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Eliminating River Blindness: Clear and Bold Vision Required

Tim Evans's picture


In 1974, onchocerciasis -- a parasitic disease that causes blindness and is transmitted by black flies --  was raging in many parts of West Africa.  The disease, also known as river blindness, was concentrated in the villages lying close to the rivers where the black fly breeds. In such villages, the spectre of young children leading blind adults with a stick was a common sight. Indeed, the high levels of blindness and the weight of parasitic burden on the population led to the abandonment of many villages and the cultivation of land in otherwise fertile river valleys.  

This plight was brought to the attention of Robert McNamara, President of the World Bank, in 1972, by a French epidemiologist named Rene Leberre. Leberre led McNamara and his wife to witness first-hand the devastating socio-economic impact of this disease along the banks of the Volta Rouge in Haute Volta.  McNamara decided that action against this disabling disease was imperative and urgent if rural development was to stand a chance. But what action was he to take? 

Fortunately, Leberre and other colleagues had been piloting efforts to kill the black fly larvae with a chemical larvicide placed in rivers. They observed in a few pilot treatment sites that, with decreases in the number of black flies, transmission of the parasite to humans was reduced. However, Leberre's recommendation to McNamara was far more grand.  He argued that the only way to make a major dent in transmission was to spray all of the breeding sites in all of the rivers across seven countries of West Africa.....using helicopters!   

Despite the incredible logistic challenge of doing this, McNamara bought into the idea and convinced three other key U.N. agencies - UNDP, FAO and WHO -- to join together and launch the Onchocerciasis Control Program (OCP) in 1974.  This commitment to "scale from the start" has characterized the evolution of the program:  In the mid-1980s, it expanded to four other countries in West Africa and in the mid-1990s it expanded to the continent as a whole under the name the African Program on Onchocerciasis.

In the last 4 decades, more than 600,000 people have been saved from blindness and millions spared its impoverishing consequences.  

What were the keys to this success? Not only blind ambition but a dedication to bringing science to bear on onchocerciasis control from the “bench to the bush.” The program drew on an incredibly diverse array of disciplinary experts, including hydrologists, vector biologists, epidemiologists, ophthalmologists, parasitologists, anthropologists and even economists. Their expertise found expression not only in the headquarters and planning offices but in the rivers and front-line villages of hyper-endemic disease.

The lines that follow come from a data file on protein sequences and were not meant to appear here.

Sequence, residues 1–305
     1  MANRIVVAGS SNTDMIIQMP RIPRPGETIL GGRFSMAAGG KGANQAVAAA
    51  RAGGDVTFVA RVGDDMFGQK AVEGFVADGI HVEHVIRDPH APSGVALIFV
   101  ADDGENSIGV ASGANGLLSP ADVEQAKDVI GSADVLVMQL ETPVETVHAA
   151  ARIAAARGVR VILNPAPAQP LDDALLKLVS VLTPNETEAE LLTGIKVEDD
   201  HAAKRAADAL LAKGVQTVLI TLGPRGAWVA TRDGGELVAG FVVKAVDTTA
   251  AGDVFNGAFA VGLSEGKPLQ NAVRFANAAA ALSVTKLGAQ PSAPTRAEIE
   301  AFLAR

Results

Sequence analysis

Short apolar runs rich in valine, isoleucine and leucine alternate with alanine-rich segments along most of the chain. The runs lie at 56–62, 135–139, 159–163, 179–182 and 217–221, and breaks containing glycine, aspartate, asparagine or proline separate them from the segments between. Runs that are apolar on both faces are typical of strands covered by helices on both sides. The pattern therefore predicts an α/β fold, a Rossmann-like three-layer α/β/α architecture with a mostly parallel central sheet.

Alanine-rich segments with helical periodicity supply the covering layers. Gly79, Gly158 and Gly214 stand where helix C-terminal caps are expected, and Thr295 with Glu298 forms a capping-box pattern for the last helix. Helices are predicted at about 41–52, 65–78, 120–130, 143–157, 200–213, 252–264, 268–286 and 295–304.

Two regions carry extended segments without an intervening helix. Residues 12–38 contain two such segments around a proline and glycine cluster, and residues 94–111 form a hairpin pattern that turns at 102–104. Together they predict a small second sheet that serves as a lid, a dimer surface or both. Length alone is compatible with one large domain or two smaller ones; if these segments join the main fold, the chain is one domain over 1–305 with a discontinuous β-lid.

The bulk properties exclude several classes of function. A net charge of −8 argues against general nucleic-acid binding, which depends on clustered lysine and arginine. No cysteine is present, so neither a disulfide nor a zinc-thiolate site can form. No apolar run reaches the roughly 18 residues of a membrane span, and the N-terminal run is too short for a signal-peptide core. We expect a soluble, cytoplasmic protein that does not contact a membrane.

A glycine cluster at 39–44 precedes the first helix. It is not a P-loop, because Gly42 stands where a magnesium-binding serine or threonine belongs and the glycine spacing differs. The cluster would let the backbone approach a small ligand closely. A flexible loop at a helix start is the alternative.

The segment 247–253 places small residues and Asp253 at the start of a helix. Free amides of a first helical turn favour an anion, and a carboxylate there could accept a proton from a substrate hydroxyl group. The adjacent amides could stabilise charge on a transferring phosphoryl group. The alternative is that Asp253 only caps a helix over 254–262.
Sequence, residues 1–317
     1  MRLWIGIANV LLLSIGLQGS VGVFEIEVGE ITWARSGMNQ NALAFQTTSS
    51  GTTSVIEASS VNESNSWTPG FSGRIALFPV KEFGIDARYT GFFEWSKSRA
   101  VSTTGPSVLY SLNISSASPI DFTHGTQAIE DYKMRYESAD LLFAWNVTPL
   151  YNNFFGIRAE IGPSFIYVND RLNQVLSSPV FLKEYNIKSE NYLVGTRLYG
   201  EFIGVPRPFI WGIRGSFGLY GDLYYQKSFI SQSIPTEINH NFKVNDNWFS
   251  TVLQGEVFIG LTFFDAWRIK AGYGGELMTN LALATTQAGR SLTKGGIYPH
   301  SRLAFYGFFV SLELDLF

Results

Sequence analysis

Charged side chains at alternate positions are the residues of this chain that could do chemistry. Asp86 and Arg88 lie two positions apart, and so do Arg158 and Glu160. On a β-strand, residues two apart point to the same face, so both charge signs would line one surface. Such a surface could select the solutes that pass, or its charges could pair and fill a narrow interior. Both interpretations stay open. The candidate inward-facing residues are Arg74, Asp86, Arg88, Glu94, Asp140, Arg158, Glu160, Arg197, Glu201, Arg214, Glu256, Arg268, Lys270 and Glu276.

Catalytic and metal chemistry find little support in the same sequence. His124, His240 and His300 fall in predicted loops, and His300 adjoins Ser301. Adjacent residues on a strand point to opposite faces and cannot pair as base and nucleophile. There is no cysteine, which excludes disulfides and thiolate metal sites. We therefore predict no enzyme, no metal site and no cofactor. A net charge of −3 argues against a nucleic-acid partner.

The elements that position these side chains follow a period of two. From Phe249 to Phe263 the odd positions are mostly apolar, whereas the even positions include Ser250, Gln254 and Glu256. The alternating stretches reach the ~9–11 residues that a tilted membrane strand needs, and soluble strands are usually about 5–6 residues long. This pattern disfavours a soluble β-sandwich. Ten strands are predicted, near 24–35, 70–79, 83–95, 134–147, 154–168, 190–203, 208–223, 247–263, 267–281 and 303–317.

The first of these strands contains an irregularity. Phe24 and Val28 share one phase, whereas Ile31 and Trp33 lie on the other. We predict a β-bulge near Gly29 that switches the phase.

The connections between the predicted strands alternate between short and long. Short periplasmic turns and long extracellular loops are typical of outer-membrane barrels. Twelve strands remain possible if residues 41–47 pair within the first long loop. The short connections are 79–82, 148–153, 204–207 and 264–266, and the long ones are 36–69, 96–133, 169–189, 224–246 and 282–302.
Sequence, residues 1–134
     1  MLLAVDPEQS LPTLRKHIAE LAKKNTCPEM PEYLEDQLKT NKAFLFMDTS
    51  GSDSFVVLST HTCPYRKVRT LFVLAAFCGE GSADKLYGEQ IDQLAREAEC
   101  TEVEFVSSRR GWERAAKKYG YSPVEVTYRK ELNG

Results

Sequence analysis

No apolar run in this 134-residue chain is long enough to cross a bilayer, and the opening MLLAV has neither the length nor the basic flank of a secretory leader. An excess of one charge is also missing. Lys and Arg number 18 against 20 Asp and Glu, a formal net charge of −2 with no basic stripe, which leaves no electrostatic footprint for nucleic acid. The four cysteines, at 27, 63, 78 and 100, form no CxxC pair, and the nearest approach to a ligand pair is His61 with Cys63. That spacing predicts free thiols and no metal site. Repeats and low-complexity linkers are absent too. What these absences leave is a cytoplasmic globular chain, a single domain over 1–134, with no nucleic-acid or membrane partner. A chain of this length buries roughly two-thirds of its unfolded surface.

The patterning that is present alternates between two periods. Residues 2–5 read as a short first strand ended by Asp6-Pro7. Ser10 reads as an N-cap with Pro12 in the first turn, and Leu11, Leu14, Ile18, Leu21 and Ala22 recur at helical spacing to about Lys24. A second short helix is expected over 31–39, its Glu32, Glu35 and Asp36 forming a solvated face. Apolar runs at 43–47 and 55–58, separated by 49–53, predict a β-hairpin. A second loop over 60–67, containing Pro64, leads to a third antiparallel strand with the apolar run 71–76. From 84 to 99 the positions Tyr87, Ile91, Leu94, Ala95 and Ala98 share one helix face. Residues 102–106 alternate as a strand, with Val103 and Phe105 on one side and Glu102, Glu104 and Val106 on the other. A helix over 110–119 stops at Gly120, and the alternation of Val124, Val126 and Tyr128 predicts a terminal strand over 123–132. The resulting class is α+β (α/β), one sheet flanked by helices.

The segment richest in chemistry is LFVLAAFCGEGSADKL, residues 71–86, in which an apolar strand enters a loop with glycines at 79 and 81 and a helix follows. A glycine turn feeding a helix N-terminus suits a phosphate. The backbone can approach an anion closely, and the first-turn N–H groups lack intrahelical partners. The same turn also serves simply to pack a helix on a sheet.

The initiative’s success has been reinforced by a willingness to learn and adapt control strategy over time.  

In the late 1980s, it became apparent that a "de-worming" pill for dogs was very effective at killing the micro-worms that caused so much damage to the eyes and skin of infected persons. The pill - Ivermectin – underwent clinical trials as part of the OCP and was found to be effective in controlling the disease with community mass distribution twice a year.

These encouraging results led Merck not only to provide the drug free of charge to the OCP but to do so in perpetuity!   This unparalleled donation has triggered a transformation in pharmaceutical donations for neglected tropical diseases (NTDs):  In 2012, a London Declaration on neglected tropical diseases (NTDs) brought commitments of close to $20 billion in drugs from the pharmaceutical industry, for a wide range of NTDs.

With Ivermectin available free-of-charge, the strategy for control shifted to community-based distribution using community health workers.   Over time, we’ve seen an "integration" of other disease control programs requiring similar community-based delivery. This integration has been studied and found to deliver better results at lower costs than for stand-alone programs. This evidence on the efficacy and efficiency of community-based delivery systems points to the importance and the imperative of credible front-line services, not only in Africa, but anywhere in the world

In 1986, when undertaking field research on the socio-economic impact of blinding onchocerciasis as part of my doctoral research, the leader of the OCP at that time, Dr. Ibrahim Samba paid a visit to Bamako, Mali, where more than 300 staff were preparing the Western Extension of the OCP.  

Dr. Samba came with presents to all staff: blue, polyester ties that had a small map of Africa with the OCP in West Africa highlighted in red alongside a symbolic blackfly.   After distributing the ties, Dr. Samba gathered the entire staff in the courtyard and delivered an impassioned impromptu speech that lasted almost 2 hours, in which he made clear to everyone their importance to the success of the program.
 
I still have that tie and wear it proudly this week as we mark the 40th anniversary of this program. Success against all odds is indeed possible.  The efforts against onchocerciasis provide a rich bounty of learning, including the importance of:  scaling-up from the start; bringing science from the “bench to the bush;” continuously adapting strategies for improved performance; and creating an unbreakable solidarity between the needs of the poorest with the means of the richest. 
 
Follow the World Bank health team on Twitter: @worldbankhealth
 
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Comments

Submitted by Onaoluwa Abimbola on

This speaks to me on so many levels. Success is indeed possible against all odds...

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